Sequence Analysis of the Ribosomal Internal Transcribed Spacers Region in Psocids (Psocoptera: Liposcelididae) for Phylogenetic Inference and Species Discrimination

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Psocids (Psocoptera: Liposcelididae: Liposcelis spp.) are major pests of stored grain and commonly occur on a wide range of stored products. Increasingly, the genus of Liposcelis has gained recognition of their importance due to their feeding on stored grains, contaminating food, and agricultural commodities as well as transmitting harmful microorganisms, including fungi and bacteria. Psocids have close morphological similarities and often commix occur at the same ecosystems. Therefore, a first step necessary to further implement population studies is the accurate identification of species, based on molecular methods. In this study, we determined nucleotide sequences of the nuclear rDNA internal transcribed spacer (ITS)1‐5.8S-ITS2 region in 100 individuals of six Liposcelis species (including Liposcelis bostrychophila Badonnel, Liposcelis entomophila (Enderlein), Liposcelis decolor (Pearman), Liposcelis tricolor Badonnel, Liposcelis paeta Pearman, and Liposcelis yunnaniensis Li & Li) from 16 locations of China. We evaluated the suitability of this marker for phylogenetic inference study in the Liposcelis species. We also developed a molecular identification method for six Liposcelis species based on ITS2 sequence. Results demonstrate that ITS1‐5.8S-ITS2 sequences are a useful tool for the population genetic study and phylogeny estimation of Liposcelis species. The results of this study indicate that the ITS2 sequences can be a reliable tool for species discrimination of the six species of psocids tested here. In addition, the multiplex method described proved reliable when tested across different geographical populations.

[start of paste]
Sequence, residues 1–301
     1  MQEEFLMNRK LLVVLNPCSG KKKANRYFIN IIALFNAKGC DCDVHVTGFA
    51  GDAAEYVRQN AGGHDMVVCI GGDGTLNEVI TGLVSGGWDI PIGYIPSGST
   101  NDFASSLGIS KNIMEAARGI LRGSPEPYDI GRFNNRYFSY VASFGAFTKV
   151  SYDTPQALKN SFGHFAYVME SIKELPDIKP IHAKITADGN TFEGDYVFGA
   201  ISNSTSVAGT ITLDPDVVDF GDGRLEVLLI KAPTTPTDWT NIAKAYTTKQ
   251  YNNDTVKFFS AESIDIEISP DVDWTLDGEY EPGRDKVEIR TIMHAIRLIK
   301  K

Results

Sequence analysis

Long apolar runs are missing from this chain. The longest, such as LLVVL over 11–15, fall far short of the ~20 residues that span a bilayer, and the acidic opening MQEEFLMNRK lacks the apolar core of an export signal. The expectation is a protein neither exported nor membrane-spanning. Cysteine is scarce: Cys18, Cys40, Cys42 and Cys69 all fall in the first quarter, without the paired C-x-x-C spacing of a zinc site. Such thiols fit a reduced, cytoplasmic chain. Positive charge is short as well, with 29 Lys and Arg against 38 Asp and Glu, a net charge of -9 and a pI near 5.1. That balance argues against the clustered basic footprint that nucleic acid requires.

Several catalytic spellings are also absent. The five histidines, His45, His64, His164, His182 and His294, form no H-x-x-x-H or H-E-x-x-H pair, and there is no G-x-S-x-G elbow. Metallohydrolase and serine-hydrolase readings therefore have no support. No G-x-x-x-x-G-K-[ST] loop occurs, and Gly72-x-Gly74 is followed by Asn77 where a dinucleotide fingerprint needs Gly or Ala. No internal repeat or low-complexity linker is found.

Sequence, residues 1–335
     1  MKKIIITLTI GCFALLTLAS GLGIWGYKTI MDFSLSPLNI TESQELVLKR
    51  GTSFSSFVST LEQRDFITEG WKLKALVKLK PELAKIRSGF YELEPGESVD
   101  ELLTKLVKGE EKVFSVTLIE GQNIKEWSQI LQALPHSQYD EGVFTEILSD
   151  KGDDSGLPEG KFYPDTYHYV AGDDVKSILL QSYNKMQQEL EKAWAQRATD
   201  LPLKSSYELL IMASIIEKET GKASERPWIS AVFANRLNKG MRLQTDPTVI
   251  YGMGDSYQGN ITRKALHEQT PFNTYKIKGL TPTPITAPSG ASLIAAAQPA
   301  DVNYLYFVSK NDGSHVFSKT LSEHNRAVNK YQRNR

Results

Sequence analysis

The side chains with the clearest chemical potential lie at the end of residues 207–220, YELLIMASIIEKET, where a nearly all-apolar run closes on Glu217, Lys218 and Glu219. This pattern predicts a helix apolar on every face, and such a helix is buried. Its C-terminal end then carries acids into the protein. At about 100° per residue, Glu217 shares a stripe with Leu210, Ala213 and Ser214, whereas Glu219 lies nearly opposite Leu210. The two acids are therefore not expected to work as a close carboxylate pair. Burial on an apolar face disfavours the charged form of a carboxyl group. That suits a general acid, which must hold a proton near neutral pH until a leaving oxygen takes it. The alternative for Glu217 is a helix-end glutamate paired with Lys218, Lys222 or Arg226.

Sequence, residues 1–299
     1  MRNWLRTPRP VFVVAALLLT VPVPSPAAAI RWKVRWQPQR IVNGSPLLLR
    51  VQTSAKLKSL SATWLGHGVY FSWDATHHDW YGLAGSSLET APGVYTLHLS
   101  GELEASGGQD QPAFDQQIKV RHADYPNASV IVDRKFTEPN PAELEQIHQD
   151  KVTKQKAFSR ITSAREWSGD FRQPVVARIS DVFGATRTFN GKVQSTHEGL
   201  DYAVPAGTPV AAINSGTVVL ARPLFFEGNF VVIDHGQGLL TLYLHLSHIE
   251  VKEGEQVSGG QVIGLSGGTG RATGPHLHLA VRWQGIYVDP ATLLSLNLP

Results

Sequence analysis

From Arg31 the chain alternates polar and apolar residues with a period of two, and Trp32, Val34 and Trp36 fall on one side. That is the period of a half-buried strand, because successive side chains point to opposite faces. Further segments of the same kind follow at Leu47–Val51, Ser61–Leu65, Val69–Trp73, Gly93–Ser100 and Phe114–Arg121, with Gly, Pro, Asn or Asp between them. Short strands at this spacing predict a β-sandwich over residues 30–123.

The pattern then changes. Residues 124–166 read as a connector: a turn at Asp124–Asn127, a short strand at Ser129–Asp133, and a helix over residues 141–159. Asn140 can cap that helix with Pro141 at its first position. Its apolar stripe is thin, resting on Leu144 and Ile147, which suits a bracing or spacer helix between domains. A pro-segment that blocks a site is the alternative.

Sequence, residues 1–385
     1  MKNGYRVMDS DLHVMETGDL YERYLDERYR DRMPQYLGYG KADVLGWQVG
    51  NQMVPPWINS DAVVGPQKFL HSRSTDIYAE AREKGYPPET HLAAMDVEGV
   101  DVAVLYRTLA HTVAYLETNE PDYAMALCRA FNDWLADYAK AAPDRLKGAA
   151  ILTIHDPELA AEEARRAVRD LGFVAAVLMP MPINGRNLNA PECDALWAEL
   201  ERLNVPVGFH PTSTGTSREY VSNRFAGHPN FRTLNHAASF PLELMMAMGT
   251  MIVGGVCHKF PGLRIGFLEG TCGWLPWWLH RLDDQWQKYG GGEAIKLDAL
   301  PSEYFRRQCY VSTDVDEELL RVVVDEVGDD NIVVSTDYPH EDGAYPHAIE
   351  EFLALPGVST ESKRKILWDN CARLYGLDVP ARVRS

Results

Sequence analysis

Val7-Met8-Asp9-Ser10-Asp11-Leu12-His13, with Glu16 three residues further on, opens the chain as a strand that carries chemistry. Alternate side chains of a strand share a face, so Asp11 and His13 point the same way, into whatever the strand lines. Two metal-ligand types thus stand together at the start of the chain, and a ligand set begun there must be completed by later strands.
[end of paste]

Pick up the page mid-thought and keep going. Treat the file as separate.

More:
Keywords: DNA barcoding; Psocoptera; internal transcribed spacer; species identification

Document Type: Research Article


Publication date: October 1, 2011

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  • Journal of Economic Entomology is published bimonthly in February, April, June, August, October, and December. The journal publishes articles on the economic significance of insects and is divided into the following sections: apiculture & social insects; arthropods in relation to plant disease; forum; insecticide resistance and resistance management; ecotoxicology; biological and microbial control; ecology and behavior; sampling and biostatistics; household and structural insects; medical entomology; molecular entomology; veterinary entomology; forest entomology; horticultural entomology; field and forage crops, and small grains; stored-product; commodity treatment and quarantine entomology; and plant resistance. In addition to research papers, Journal of Economic Entomology publishes Letters to the Editor, interpretive articles in a Forum section, Short Communications, Rapid Communications, and Book Reviews.
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